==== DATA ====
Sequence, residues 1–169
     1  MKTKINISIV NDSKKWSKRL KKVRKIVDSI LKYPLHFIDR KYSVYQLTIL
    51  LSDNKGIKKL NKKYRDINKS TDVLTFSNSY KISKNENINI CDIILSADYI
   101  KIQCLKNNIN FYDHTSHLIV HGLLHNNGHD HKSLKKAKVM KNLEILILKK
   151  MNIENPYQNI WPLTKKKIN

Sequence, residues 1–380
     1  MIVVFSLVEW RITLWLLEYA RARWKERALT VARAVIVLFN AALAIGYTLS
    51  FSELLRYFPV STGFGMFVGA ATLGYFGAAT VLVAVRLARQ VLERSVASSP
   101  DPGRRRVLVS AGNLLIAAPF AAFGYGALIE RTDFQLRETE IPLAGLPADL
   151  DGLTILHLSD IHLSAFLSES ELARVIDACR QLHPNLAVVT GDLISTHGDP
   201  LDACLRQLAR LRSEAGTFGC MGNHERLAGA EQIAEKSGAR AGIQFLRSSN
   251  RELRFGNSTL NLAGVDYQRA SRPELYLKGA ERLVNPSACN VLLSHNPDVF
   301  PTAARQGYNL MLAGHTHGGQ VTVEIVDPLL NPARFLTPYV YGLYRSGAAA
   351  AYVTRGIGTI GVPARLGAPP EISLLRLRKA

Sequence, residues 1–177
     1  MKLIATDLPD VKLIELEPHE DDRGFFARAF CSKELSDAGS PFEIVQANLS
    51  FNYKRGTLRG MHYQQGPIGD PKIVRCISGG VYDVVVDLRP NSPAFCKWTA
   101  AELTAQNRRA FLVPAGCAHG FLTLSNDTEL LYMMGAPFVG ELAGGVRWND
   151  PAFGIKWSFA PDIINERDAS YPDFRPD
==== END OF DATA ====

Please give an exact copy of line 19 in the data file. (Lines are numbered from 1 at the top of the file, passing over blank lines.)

   151  PAFGIKWSFA PDIINERDAS YPDFRPD